Martin-Gropius-Bau (Niederkirchnerstraße 7, 10963 Berlin, Germany), Jun 28 – Aug 8, 2015
Tino Sehgal’s exhibition at Berlin’s Martin Gropius Bau eschews banalities such as titles, descriptions or work lists. At times whimsical, discomforting and engaging, the artist’s first retrospective assembles over 60 actors to perform five-and-a-half works in the otherwise empty halls of the museum. When I first enter the large central hall, a couple lies entwined in the middle of the floor, kissing—re-enacting famous art-historical embraces. (“The Kiss”, 2002). Stay awhile though, and a new line of performers files in from somewhere off-stage. They loll against pillars and mingle with the gallery visitors, distractedly gazing at the lovers until drifting into an a-cappella song group, intoning melodies which owe a debt to Steve Reich’s and Phillip Glass’s polyphonic serialism. Sehgal’s work, in this case, hovers somewhere between kitsch and the sublime: while the concept is straightforward, the ambiguous positions of the observers—it is never clear whether they are participants or mere visitors—heightens the piece.
The free-flowing movement and lack of barrier between subject and performer—it is never evident who is a participant in the performance, and the audience is encouraged to take on an active role in many pieces—is characteristic of Sehgal’s work, and show his debt to Relational Aesthetics, the 90’s art movement that emphasised human relations and their social context.
Born in 1976 in London, the English/German artist credits the development of his free-flowing “situations”, which exist independently of any notion of stage, fourth wall (the theatrical concept that describes the invisible barrier between actors and audience), or fixed duration to the experimental theatre of Christoph Schlingensief and Einar Schleefs he witnessed in Berlin during the early 90s. It was the promise of the flexibility and flat hierarchies of the museum space that drew the student of economy and dance from the theatre to the art gallery. Shown at Tate Modern, the Guggenheim, the Venice Biennale and Documenta, among other venues, his “situations”, disrupt the reverie of the gallery visit with conversation, song and movement. The artist refuses to photograph or document his work, claiming that this would render his ephemeral performances too object-like and too marketable.
“This Variation” (2012), a situation from the 13th edition of “documenta”, the German art quintennial, takes place in a room that is almost, but not quite, pitch black. Slowly, as your eyes adjust to the darkness, you become aware of shapes moving around you, singing a-cappella pop songs and beat-boxing, creating an immersive soundscape. Sehgal’s works exist in a space of their own, hovering between theatrical performance and studied improvisation, with his dancers and singers rehearsing for up to two years for a piece. While Sehgal emphasised that audience members are welcome to join in with the singing and clapping of “This Variation”, he quickly added (at the press conference for the exhibition) “but only if you clap in time”. In other pieces (“Welcome to this Situation” and “Ann Lee”) the actors interact directly with members of the audience.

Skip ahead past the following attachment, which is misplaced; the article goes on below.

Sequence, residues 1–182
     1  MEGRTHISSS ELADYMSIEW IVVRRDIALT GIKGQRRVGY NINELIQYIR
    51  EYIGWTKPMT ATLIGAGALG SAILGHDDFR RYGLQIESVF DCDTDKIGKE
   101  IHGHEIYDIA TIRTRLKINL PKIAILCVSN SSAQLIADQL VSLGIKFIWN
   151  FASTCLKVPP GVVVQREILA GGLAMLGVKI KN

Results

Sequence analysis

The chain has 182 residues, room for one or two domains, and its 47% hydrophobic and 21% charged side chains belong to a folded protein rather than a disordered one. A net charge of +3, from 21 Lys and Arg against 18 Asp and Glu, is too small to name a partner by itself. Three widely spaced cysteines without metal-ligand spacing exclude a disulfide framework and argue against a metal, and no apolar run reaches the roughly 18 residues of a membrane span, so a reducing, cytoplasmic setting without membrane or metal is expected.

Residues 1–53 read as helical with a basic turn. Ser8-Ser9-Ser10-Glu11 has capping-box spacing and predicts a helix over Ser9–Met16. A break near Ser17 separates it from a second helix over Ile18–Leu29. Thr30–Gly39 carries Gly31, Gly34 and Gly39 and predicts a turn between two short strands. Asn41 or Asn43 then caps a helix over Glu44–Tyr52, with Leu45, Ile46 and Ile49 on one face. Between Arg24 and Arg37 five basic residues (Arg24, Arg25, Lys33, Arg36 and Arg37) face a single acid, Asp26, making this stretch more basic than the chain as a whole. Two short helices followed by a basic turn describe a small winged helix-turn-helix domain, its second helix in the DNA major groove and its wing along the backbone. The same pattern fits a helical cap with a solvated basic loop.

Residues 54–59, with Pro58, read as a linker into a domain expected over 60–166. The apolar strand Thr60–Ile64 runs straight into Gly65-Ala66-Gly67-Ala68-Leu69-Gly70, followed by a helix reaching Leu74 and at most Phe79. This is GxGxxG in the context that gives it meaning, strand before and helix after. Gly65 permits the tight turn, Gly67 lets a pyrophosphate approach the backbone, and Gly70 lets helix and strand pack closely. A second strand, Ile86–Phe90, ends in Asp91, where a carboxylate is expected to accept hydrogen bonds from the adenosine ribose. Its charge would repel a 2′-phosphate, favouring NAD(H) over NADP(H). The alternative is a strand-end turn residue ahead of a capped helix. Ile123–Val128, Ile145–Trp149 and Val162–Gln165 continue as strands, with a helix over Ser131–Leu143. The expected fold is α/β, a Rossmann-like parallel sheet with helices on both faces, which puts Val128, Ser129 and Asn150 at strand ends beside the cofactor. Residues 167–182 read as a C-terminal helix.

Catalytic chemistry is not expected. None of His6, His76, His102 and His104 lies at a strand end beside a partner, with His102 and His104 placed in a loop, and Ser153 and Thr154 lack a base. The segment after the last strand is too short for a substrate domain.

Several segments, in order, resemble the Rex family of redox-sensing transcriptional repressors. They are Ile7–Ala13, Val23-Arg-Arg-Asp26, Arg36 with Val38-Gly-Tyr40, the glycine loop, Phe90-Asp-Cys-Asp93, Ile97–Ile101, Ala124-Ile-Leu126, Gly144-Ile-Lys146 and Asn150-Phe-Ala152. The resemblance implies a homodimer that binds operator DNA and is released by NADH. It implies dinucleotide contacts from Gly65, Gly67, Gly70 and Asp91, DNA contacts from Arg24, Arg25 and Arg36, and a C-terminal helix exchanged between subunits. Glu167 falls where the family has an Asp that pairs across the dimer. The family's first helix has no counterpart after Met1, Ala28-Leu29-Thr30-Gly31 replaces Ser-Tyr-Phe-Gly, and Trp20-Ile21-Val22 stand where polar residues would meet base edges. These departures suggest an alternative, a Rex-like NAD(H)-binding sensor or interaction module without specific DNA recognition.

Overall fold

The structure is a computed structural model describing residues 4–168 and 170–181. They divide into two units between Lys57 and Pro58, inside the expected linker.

Sehgal’s playfulness comes to the fore in in “Ann Lee” a “situation” enacted by a pair of uncanny child actresses. By her own account, she is the 3D embodiment of the eponymous Anime character “owned” by the artists Pierre Huyghe and Phillippe Parreno, who have lent her to Sehgal. His play with format and narrative embodiment makes for intriguing viewing, particularly when the character relays her release from her two-dimensional entrapment. Towards the end of the monologue, she stares down visitors and inquires: “Would you rather be too busy, or not busy enough”? But she doesn’t wait for an answer.
In “Welcome to this Situation” the audience is invited to debate questions on progress, capitalism, technology and social change with a panel of around seven actors. The actors are indistinguishable from the audience. The participation that afternoon was tenuous, and four weeks into the exhibition, I wondered how tired the actors were of their debate.
“Ann Lee”, the aforementioned Anime character, is perhaps the exhibitions most self-reflexive piece. At one point she remarks “I like art and the places it is shown”, and I couldn’t help but think that this comment referred to Sehgal’s work in and of itself: sited firmly in the art world and its institutions, it nevertheless refuses to conform, with performances questioning roles of participant and observer, of subject and visitor. Sehgal’s works in this exhibition both highlights his debt to relational aesthetics and expands on this form of artistic practice: at times, the visitor’s position as observer is genuinely overcome, and she becomes a participant in Sehgal’s elaborately staged Situations. Each work was tied to a single room and framed as such: the absence of wall texts thus did not matter much. The exhibition showed the breadth of Sehgal’s oeuvre, varying as it did between song-performance, political debate, and art historical appropriation.
Much has been made of Sehgal’s refusal to produce physical remnants of his work; nevertheless, he has achieved enormous institutional recognition for his theatricality and mise en scène. Sehgal’s critique of the art world paradoxically only achieves its full effect within just such a context: his refusal of items such as wall texts with work titles and years, press releases, photographs and other forms of documentation only function fully in an environment where such items are otherwise present. To view his works in the Martin-Gropius-Bau—a multi-purpose building used for anything from Viking exhibitions to photography retrospectives—is to deprive them of some of their power.